As you watch the front legs, watch for when the horse starts to commit to pick up his left front foot. As soon as you can tell that commitment has happened, that’s when you say “Whoa.”

Have you ever wondered what the judges are looking for when they place a showmanship class? "Showing to Win: Showmanship at Halter" illustrates the standards for the class and provides you with the information you need to practice, plan and successfully perform a showmanship pattern. Using unique graphics and video technology, this video also defines the scoring system and explains what AQHA judges look for in this class.

When you do that at the walk, your horse will stop with his left front foot forward of his right front foot, and his back feet will be just the opposite – the right hind will be forward of the left hind.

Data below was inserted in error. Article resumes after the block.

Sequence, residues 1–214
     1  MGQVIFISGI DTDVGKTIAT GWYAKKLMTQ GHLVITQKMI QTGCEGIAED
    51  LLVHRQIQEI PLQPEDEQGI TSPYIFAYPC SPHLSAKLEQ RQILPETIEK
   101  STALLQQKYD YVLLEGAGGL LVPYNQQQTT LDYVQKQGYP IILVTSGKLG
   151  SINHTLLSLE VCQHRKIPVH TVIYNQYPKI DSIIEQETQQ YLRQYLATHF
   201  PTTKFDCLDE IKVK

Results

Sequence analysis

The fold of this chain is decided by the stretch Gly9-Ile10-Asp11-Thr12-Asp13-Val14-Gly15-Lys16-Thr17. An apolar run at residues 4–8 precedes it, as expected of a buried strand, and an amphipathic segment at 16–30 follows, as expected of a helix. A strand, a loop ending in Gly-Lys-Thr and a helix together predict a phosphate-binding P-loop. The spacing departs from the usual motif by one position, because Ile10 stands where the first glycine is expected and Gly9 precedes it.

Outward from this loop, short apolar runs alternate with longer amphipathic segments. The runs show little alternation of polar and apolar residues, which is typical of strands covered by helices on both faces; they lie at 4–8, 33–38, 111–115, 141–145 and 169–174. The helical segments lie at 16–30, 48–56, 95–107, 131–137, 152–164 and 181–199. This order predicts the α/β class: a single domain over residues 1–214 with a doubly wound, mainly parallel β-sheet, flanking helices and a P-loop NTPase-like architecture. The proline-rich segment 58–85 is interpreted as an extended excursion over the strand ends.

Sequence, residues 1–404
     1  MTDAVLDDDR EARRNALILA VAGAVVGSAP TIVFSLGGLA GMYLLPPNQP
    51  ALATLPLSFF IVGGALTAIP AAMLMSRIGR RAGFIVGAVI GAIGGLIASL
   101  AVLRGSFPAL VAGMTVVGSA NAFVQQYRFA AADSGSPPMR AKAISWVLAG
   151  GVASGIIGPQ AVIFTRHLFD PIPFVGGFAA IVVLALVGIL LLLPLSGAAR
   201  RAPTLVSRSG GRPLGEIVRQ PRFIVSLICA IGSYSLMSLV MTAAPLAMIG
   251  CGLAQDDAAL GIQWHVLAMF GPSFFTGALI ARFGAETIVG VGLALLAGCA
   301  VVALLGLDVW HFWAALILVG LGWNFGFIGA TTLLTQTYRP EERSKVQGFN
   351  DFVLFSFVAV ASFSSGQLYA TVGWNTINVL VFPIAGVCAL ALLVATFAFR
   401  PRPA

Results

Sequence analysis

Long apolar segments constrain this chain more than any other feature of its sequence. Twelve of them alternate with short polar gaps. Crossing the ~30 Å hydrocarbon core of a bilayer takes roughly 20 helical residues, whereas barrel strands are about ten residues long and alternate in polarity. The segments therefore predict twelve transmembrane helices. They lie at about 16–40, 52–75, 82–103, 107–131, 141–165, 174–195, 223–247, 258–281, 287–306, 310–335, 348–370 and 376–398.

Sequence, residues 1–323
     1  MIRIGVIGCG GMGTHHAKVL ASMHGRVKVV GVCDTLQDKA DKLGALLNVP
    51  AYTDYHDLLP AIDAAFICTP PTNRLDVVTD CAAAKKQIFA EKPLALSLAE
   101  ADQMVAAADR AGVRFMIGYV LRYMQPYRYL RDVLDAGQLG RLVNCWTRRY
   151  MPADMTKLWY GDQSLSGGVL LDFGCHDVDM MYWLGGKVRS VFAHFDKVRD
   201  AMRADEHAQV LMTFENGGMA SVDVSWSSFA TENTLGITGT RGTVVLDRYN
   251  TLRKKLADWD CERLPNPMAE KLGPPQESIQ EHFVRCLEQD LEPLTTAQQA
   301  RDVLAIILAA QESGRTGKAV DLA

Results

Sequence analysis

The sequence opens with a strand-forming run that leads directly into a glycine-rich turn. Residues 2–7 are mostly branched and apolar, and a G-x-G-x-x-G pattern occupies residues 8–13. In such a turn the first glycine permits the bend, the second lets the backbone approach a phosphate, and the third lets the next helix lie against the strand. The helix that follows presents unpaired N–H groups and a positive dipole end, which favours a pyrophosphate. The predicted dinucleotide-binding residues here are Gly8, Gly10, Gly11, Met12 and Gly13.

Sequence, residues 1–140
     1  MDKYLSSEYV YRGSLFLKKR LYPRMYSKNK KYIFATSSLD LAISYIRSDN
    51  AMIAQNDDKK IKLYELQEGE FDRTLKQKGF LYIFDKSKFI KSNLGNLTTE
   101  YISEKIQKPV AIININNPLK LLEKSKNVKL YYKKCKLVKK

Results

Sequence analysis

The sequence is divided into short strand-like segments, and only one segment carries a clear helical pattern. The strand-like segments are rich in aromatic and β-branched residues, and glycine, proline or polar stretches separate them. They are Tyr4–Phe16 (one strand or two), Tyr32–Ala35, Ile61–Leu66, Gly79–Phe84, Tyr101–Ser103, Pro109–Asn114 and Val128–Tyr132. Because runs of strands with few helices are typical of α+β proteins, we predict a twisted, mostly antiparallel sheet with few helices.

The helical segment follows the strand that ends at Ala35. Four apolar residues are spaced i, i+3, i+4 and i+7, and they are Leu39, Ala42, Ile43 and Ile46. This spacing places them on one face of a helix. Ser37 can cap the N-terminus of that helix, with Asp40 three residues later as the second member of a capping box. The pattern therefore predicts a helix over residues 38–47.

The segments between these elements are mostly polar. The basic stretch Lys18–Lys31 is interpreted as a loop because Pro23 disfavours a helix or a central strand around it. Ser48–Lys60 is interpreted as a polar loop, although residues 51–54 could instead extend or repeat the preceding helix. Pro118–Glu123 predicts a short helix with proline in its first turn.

Then turn and get into your correct setup position – faced toward the horse, your shoulders parallel to the horse’s spine.

I teach an exhibitor to first push her hand down and straight back to ask the horse to step the right hind foot back, next to the left hind. Then, lift her hand up and back and ask the left front foot to move back in line with the right front. Ideally, in those two steps, you get your horse set. To see what this looks like, check out the image on AQHA's Pinterest board.